The lack of explanation extends to puzzles, too, but there it is refreshing instead of frustrating. We have become used to games setting every puzzle solution next to a gigantic glowing hint box, but The Wonderful 101 assumes its player doesn't need a giant arrow to understand the value of breaking the giant vase of water sitting near an obstructive puddle of lava.

Just about every piece of every Kamiya game is used here. The sword charge is Dante's stinger. The shape-drawing is straight out of Okami. Collectible batteries charge up a Unite Gauge that allows for special attacks just like Viewtiful Joe's film strip. The slo-mo dodge is fresh out of Bayonetta, as are some of the enemies, like a multi-headed dragon that might as well be a reskin. This is Kamiya's love letter to Kamiya, but how can we chide him for his self-aggrandizing when it benefits us so thoroughly? His rock-solid grasp on mechanics is perfectly evidenced by The Wonderful 101's top-tier rival battles. Kamiya games have always had characters like Nelo Angelo, Another Joe, Jeanne, enemies with similar capabilities as the player character. Though they won't top tossing ICBMs back and forth like hot potatoes, the fights against Wonderful 101-doppelganger Vorkken and his swarm of boomerang-forming henchmen are some of the best the so-called "stylish action" genre has to offer. Against Vorkken, Unite Morphs are thrown out and discarded in the blink of an eye by both sides; he transforms into a giant fist, you parry with a wiggly pile of flan, and riposte with your rocket-charged hammer.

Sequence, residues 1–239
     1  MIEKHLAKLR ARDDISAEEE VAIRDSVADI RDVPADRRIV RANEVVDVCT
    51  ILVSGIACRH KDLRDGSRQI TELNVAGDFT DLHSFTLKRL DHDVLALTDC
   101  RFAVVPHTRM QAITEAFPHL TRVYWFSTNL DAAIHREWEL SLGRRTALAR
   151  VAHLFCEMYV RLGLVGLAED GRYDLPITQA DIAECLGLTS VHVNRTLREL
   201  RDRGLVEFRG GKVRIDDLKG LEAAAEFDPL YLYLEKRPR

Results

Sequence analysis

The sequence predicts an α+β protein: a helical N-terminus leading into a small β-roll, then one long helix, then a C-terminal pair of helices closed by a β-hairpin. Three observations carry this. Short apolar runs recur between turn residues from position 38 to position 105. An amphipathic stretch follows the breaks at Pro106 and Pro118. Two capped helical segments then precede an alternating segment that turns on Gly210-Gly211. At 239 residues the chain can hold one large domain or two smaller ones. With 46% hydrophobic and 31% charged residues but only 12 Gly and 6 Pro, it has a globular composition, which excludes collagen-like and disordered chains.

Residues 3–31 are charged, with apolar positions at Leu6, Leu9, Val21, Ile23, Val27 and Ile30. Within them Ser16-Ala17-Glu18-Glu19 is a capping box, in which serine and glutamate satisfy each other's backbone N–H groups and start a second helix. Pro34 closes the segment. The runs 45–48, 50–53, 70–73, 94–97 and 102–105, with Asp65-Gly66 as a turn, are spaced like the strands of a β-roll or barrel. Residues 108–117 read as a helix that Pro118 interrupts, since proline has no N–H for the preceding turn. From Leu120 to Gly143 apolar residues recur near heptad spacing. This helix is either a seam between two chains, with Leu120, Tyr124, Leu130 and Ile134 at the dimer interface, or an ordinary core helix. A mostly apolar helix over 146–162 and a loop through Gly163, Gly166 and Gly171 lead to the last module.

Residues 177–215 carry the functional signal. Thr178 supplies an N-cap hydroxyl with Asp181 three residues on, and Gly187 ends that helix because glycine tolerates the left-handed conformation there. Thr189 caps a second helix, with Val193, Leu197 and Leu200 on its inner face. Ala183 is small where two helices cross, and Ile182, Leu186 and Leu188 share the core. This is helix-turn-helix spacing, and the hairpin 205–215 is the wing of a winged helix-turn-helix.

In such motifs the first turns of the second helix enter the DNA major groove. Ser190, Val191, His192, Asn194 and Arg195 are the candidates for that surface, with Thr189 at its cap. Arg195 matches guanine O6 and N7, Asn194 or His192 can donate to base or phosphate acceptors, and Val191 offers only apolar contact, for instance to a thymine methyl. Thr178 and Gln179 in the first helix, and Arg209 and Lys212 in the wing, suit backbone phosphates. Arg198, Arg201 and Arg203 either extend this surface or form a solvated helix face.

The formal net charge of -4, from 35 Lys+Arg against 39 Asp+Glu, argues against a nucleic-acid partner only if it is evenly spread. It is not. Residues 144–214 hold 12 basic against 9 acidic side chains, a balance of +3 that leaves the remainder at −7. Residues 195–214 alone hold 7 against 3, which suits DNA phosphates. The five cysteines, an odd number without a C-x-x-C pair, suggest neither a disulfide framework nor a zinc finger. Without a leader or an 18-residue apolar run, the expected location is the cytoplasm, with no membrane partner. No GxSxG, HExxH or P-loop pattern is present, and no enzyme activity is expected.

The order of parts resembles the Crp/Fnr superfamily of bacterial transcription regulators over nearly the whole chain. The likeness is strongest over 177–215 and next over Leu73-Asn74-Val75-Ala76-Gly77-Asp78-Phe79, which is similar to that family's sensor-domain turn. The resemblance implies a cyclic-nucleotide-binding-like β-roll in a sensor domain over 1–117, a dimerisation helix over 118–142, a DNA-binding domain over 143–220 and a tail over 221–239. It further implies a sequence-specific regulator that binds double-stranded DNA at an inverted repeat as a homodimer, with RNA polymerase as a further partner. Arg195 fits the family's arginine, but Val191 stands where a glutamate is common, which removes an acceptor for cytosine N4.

It seems almost too much, almost too campy, or too cheesy -- the team's defensive stance in the form of a enormous dessert, or the ultra-large Super Scope 6 that is the ultimate gun attack -- but the game never drops its straight face, and that's what makes it fun instead of ridiculous. The Wonderful 101 never winks at the camera, and it never pulls a punch or grimaces at the audience because it feels self-conscious; although its characters sometimes do - see: Wonder Pink's furious, repeated (and usually pretty funny) pregnant pauses in response to her teammates' idiocy. It is an absolute pleasure to play something that is so relentlessly sincere. The game exults in its silliness, in its super-large robots made out of skyscrapers, in its "final attacks" with too-long names, and in the fact that Wonder Red rhymes with Blunder Red. The writers clearly think that last one is hilarious.